Scotland’s red meat industry is entering a critical week
with crunch talks in Brussels on unwinding European export restrictions
set to begin.
The Brussels veterinary committee, the Standing Committee on Food
Chain and Animal Health (ScoFCaH), will meet on Thursday when member
states will consider the latest disease situation and its implications
for exports from Scotland and the rest of Great Britain.
NFU Scotland is continuing to work with the Rural Affairs Secretary,
Scottish Executive officials, vets, meat wholesalers and retailers on
unwinding foot and mouth-related restrictions. The latest relaxation
allows farmers to move animals within their own business, providing the
movements are no further than 8 kilometres. On top of this, farmers
in Scotland’s islands can now move animals under general licence
to a farm on the mainland. Welfare movements of up to 50 km, and
in some cases 100km for pigs, can also now be arranged under a specific
NFUS President Jim McLaren said:
“Informal talks with European Commission officials on exports
begin today. The importance of getting Scottish red meat back into Europe
cannot be over-estimated. All the current evidence suggests the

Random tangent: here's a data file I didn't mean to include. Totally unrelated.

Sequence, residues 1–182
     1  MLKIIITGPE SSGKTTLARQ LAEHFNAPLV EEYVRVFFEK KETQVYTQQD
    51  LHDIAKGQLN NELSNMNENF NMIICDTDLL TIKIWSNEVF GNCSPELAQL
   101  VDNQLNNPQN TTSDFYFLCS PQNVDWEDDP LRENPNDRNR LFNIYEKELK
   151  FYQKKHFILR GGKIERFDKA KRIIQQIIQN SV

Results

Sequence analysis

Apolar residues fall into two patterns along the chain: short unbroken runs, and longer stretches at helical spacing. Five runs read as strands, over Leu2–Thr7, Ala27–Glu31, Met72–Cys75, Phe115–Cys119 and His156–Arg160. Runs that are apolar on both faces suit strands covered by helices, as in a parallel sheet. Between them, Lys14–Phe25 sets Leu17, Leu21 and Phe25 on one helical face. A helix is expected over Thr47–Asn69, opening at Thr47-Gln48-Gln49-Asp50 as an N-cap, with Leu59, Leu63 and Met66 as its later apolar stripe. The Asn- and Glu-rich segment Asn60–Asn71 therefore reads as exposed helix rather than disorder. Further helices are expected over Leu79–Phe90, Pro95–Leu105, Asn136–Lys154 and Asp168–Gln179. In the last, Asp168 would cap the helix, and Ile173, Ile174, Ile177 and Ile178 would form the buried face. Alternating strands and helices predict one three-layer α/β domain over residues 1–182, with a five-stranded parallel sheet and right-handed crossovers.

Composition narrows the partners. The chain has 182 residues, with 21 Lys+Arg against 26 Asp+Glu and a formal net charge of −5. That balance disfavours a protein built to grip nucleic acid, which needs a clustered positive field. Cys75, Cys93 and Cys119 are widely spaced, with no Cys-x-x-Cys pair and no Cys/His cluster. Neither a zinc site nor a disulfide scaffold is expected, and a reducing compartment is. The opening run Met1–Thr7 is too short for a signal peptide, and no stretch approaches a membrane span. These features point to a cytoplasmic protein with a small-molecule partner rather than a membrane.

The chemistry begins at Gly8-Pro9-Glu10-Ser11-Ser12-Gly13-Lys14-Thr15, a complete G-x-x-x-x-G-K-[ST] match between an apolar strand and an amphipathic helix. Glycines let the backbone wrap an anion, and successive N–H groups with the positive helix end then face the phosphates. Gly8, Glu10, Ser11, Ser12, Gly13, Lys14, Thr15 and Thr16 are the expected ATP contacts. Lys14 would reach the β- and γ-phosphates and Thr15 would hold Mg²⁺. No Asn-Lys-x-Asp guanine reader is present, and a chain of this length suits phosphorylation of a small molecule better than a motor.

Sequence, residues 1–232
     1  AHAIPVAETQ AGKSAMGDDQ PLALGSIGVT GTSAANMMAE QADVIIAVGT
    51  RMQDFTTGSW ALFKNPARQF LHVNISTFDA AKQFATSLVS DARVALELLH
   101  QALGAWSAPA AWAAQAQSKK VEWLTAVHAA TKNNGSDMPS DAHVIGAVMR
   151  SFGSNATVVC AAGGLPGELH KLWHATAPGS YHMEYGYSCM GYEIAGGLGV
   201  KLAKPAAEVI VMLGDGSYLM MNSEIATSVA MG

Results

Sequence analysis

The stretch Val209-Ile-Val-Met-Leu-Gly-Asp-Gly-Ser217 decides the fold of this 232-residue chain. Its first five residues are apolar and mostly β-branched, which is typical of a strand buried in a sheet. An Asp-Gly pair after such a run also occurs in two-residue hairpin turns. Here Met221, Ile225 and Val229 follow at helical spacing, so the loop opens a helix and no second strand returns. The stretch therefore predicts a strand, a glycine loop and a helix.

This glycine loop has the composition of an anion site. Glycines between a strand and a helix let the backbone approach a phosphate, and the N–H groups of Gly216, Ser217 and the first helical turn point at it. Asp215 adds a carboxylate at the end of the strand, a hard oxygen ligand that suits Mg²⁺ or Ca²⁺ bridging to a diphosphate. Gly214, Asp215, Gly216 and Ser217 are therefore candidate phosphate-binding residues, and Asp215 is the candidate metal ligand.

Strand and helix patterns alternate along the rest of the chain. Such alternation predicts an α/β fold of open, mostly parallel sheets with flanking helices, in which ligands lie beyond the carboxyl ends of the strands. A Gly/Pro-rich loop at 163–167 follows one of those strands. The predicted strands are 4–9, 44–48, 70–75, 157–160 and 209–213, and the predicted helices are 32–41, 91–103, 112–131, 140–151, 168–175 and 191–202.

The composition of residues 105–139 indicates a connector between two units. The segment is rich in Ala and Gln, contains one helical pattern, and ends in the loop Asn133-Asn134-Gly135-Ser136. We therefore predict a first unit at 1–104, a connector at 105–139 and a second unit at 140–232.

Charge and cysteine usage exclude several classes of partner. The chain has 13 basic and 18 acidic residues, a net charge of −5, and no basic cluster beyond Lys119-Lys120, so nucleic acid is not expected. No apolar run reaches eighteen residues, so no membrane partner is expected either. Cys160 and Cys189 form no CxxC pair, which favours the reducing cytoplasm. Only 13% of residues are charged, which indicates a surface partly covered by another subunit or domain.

disease has been contained within a few square kilometres in Surrey,
allowing us to pursue options for getting Great Britain’s meat
export trade back up and running.
“The domestic movement restrictions have hit hard. The 10
or more individual relaxations we’ve had so far have been important
and they keep getting added to. We stressed last week that movement
of animals within a business for management, as well as welfare, reasons
was a top priority and I’m pleased they now have the go-ahead.
“Talks also continue on the use of collection centres for slaughter
stock. Collection of animals from farms to go to abattoirs is limited
to single-pick-ups, making many journeys uneconomic. Therefore
options for operating collection centres, where farmers could take their
stock to a single point to be collected by hauliers, are being explored. That
is obviously not ideal for pigs, so discussions will continue on alternative
options for them.
“Much has been made of the proposed 10 September start date for
livestock sales. If the disease situation remains as it is, I view
this as the worst-case scenario. The date could move forward and
we’ll be pushing to get the earliest possible resumption. It
is particularly critical for the sheep sector as delays in sales will
have a knock-on impact well beyond this summer.
“Much more may be clear on that front and others after this Thursday’s
Brussels meeting. I emphasise again the importance of the general
movement ban – our compliance with it is the reason we have been
able to press for speedy relaxation of restrictions and will hopefully
lead to a good hearing in Brussels in Thursday.”
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